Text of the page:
Earl E. Bakken, an electrical engineer who built the first wearable, battery-powered pacemaker in the 1950s, an innovation that helped save millions of lives and set his company, Medtronic, on a path to become one of the world’s leading manufacturers of medical devices, died Oct. 21 at his home on Kiholo Bay in Hawaii. He was 94.
His company announced the death in a statement but did not cite a cause.
Mr. Bakken and a brother-in-law co-founded Medtronic — the name was formed by combining the words “medical” and “electronic” — in a Minneapolis garage in 1949. In their early years, they repaired TV sets as well as hospital equipment to keep the business afloat.
By 2017, Medtronic had annual revenue of more than $29.7 billion, according to the company. Its product line today includes an array of medical devices, among them insulin pumps, cardiac stents and deep brain stimulation systems. But for years it was best known for pacemakers, which deliver electrical impulses to damaged hearts to maintain normal rhythm.
Mr. Bakken had been captivated by electricity since his youth when he watched “Frankenstein,” a cinematic rendering of Mary Shelley’s story about the scientist Victor Frankenstein, who animates a monster with jolts of electricity. Mr. Bakken realized, he once told the publication World and I, that “when electricity flows, we’re alive. When it doesn’t, we’re dead.”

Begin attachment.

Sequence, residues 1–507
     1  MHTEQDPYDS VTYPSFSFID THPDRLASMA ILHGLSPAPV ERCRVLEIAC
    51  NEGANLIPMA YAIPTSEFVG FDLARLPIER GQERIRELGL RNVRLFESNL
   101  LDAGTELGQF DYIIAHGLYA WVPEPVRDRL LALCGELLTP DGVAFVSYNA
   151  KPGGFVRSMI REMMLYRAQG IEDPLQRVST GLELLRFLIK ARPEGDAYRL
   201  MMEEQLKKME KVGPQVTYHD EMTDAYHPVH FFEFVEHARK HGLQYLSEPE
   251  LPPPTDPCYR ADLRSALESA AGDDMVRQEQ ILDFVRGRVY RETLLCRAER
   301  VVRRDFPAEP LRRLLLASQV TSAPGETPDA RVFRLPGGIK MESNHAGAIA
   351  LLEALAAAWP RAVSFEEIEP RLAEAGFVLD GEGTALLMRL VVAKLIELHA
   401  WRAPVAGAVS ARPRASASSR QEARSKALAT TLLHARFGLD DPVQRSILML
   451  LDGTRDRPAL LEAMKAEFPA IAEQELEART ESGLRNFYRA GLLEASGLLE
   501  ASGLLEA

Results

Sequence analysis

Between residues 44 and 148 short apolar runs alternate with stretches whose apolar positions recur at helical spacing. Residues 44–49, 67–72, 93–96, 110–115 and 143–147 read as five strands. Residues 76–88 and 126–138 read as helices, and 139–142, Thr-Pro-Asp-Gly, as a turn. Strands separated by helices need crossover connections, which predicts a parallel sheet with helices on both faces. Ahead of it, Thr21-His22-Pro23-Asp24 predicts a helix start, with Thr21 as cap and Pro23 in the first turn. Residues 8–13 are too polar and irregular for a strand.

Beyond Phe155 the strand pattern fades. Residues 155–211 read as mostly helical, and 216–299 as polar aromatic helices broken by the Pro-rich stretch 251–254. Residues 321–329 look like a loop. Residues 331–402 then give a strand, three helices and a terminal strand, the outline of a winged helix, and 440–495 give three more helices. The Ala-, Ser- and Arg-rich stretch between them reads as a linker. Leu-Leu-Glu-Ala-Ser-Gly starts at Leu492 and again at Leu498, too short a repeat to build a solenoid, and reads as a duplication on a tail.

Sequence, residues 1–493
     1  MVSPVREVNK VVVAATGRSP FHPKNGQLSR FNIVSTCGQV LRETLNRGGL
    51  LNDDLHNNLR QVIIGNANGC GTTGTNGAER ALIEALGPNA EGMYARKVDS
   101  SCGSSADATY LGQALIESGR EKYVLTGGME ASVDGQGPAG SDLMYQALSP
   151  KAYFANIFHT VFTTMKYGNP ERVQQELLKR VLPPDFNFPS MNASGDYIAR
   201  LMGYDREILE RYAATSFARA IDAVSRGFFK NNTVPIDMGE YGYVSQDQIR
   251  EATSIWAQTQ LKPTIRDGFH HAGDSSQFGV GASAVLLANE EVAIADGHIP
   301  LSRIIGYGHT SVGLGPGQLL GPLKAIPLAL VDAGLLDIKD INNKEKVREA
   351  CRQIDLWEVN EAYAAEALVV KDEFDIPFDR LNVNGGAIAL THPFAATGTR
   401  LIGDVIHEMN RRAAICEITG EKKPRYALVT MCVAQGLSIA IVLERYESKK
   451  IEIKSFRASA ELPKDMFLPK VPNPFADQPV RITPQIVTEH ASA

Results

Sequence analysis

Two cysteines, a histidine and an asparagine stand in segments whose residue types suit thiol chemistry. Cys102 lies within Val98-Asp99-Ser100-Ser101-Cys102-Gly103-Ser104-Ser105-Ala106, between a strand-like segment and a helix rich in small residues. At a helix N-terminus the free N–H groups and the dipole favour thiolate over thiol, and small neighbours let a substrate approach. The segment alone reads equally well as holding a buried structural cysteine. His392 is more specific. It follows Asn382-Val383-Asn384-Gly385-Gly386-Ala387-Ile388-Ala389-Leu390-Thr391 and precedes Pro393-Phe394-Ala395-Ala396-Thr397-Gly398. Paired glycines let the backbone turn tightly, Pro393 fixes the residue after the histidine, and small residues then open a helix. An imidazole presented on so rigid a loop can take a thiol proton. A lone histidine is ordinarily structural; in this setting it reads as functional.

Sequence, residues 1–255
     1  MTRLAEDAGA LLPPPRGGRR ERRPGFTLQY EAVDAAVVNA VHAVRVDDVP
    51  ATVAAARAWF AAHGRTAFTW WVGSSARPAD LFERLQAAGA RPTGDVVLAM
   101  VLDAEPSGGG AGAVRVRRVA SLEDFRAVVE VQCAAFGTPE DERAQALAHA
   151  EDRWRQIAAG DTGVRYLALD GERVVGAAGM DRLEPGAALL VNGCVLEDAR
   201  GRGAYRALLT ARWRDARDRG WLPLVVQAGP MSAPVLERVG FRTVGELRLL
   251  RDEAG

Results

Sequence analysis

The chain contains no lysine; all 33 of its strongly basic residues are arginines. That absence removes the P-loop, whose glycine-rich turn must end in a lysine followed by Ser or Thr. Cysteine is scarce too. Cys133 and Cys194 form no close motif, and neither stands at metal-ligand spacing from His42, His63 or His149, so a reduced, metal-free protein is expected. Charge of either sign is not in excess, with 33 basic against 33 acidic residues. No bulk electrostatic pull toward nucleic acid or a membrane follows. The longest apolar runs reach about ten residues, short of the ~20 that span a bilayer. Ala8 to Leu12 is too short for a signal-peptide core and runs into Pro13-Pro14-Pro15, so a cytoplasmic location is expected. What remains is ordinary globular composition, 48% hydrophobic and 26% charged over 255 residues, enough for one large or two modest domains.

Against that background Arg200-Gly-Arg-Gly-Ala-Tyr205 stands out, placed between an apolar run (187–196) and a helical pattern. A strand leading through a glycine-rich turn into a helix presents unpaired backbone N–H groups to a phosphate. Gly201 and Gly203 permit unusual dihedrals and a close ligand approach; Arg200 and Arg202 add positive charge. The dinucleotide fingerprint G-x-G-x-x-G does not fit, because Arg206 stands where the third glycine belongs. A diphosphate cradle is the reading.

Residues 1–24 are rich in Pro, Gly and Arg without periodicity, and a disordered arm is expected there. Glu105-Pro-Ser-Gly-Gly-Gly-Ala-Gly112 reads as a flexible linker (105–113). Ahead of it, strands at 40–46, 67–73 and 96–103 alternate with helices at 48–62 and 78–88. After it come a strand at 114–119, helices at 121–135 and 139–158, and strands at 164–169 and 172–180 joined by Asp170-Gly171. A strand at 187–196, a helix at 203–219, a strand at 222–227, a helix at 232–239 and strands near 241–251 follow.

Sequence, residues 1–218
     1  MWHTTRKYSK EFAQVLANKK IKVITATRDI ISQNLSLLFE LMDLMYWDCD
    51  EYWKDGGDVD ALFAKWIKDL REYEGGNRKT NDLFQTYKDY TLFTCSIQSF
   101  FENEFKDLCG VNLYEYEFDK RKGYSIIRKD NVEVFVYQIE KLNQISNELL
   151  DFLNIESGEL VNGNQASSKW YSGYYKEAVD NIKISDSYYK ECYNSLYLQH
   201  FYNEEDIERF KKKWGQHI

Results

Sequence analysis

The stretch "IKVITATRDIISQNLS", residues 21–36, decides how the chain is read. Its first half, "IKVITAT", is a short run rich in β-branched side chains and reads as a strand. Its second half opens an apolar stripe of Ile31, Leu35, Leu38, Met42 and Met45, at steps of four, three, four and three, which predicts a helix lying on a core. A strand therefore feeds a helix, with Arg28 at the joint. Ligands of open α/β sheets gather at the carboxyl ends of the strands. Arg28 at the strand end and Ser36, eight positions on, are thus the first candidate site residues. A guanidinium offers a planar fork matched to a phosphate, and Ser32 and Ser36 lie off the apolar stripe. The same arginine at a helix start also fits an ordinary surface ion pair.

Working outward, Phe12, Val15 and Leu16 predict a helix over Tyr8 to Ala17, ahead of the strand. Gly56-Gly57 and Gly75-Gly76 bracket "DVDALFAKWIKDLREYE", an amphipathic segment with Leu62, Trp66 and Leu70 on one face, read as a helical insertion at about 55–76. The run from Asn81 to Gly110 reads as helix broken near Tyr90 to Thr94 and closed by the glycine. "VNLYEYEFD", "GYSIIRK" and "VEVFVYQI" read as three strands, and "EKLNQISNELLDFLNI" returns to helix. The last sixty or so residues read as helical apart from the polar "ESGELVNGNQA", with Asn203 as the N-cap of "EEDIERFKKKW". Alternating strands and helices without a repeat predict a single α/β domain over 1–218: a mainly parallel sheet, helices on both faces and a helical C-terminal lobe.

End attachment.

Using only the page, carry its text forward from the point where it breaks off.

In the early years of his business repairing hospital equipment, Mr. Bakken met C. Walton Lillehei, a physician at the University of Minnesota who became known as a father of open-heart surgery.
Lillehei asked for Mr. Bakken’s help after losing a patient, an infant suffering from “blue-baby” syndrome, during a power outage on Halloween 1957. The baby had been hooked up to a pacemaker, which at the time was a large apparatus connected to a wall socket. What was needed, Lillehei said, was a smaller machine that ran on battery power.
Mr. Bakken recalled a design he had seen in Popular Mechanics for a metronome, a device that emits steady clicking sounds to assist musicians in keeping time during practice sessions. The design could be modified, he realized, to mimic the steady beating of a heart.